Flowable getting started series article 7 - basic configuration I

1. Create a ProcessEngine

The Flowable process engine is configured through an XML file named flowable.cfg.xml. Note that this does not apply if you use the Spring style of building a process engine.

The simplest method to obtain ProcessEngine is to use the org.flowable.engine.ProcessEngines class:

ProcessEngine processEngine = ProcessEngines.getDefaultProcessEngine()

This will find the file flowable.cfg.xml in the classpath and build the engine based on the configuration in the file. The following clip shows a sample configuration. The following sections describe the configuration properties in detail.

<beans xmlns="http://www.springframework.org/schema/beans"
<bean id="processEngineConfiguration" class="org.flowable.engine.impl.cfg.StandaloneProcessEngineConfiguration">
<property name="jdbcUrl" value="jdbc:h2:mem:flowable;DB_CLOSE_DELAY=1000" />
<property name="jdbcDriver" value="org.h2.Driver" />
<property name="jdbcUsername" value="sa" />
<property name="jdbcPassword" value="" />
<property name="databaseSchemaUpdate" value="true" />
<property name="asyncExecutorActivate" value="false" />
<property name="mailServerHost" value="mail.my-corp.com" />
<property name="mailServerPort" value="5025" />

Note that the configuration XML is actually a Spring configuration. This does not mean that Flowable can only be used in the Spring environment! We just use Spring's internal parsing and dependency injection capabilities to build the engine.

The ProcessEngineConfiguration object can also be created programmatically using a configuration file. You can also use different bean IDS (for example, see line 3).

createProcessEngineConfigurationFromResource(String resource);
createProcessEngineConfigurationFromResource(String resource, String beanName);
createProcessEngineConfigurationFromInputStream(InputStream inputStream);
createProcessEngineConfigurationFromInputStream(InputStream inputStream, String beanName);

You can also create a configuration based on default values without using a configuration file.


All of these ProcessEngineConfiguration.createXXX() methods return a ProcessEngineConfiguration, which can be further adjusted if necessary. call
After the buildProcessEngine() operation, ProcessEngine will create a:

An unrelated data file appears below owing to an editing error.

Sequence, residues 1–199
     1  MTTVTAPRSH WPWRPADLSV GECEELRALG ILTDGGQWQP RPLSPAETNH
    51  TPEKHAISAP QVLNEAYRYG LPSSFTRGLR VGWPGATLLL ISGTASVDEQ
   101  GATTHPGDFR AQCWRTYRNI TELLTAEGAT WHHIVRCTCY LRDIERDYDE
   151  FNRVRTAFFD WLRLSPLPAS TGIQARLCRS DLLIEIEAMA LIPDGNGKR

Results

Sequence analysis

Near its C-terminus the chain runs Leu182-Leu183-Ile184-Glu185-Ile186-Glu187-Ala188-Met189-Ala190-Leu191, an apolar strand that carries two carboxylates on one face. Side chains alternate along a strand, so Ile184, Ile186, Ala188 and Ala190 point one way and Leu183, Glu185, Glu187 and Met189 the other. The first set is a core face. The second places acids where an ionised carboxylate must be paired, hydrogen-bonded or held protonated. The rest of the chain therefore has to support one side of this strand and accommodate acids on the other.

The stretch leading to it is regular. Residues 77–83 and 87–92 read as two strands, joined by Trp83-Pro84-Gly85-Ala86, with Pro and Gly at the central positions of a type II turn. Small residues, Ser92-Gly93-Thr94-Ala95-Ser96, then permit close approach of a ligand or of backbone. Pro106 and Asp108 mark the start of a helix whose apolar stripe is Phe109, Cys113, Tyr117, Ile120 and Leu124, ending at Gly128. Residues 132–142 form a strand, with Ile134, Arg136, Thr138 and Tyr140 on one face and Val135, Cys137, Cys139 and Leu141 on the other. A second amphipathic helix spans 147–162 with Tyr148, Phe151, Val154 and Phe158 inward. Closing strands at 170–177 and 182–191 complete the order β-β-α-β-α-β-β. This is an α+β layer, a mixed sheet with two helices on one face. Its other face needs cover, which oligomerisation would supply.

ProcessEngine processEngine = ProcessEngineConfiguration.createStandaloneInMemProcessEngineConfiguration()

2,ProcessEngineConfiguration bean

Bean 'processEngineConfiguration' with ID must be included in flowable.cfg.xml.

<bean id="processEngineConfiguration" class="org.flowable.engine.impl.cfg.StandaloneProcessEngineConfiguration">

This bean is then used to construct the ProcessEngine. There are multiple classes available to define processEngineConfiguration. These classes represent different environments and set defaults accordingly
Value. The best practice is to select the class that best suits your environment to minimize the number of attributes required to configure the engine. The following courses are currently available:

  • org.flowable.engine.impl.cfg.StandaloneProcessEngineConfiguration: the process engine is used independently. Flowable will be responsible for all transactions. By default, the database is checked only when the engine starts (an exception is thrown if there is no flowable schema or the schema version is incorrect).
  • Org. Flowable. Engine. Impl. CFG. Standalonenmemprocessengineconfiguration: This is a convenient class for unit testing. Flowable will be responsible for all transactions. H2 memory database is used by default. The database is created and deleted when the engine starts and shuts down. When using this, no additional configuration may be required (except when using job executors or mail functions, for example).
  • org.flowable.spring.SpringProcessEngineConfiguration: used when using the process engine in the spring environment. For more information, see the spring integration section.
  • Org. Flowable. Engine. Impl. CFG. Jtaprocesengineconfiguration: JTA transactions are used when the engine is running in stand-alone mode.